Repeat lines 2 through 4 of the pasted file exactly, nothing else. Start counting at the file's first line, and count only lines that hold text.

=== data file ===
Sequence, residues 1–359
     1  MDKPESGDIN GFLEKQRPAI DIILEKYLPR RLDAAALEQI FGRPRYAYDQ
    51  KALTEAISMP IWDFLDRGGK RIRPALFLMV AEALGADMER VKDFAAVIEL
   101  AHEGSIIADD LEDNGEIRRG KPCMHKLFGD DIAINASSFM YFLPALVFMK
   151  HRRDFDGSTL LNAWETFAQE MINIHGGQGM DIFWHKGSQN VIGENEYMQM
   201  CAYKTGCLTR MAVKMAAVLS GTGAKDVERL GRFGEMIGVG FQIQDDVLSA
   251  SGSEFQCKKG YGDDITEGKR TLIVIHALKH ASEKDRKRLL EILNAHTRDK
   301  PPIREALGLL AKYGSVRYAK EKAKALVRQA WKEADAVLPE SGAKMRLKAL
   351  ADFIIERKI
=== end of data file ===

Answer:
     1  MDKPESGDIN GFLEKQRPAI DIILEKYLPR RLDAAALEQI FGRPRYAYDQ
    51  KALTEAISMP IWDFLDRGGK RIRPALFLMV AEALGADMER VKDFAAVIEL
   101  AHEGSIIADD LEDNGEIRRG KPCMHKLFGD DIAINASSFM YFLPALVFMK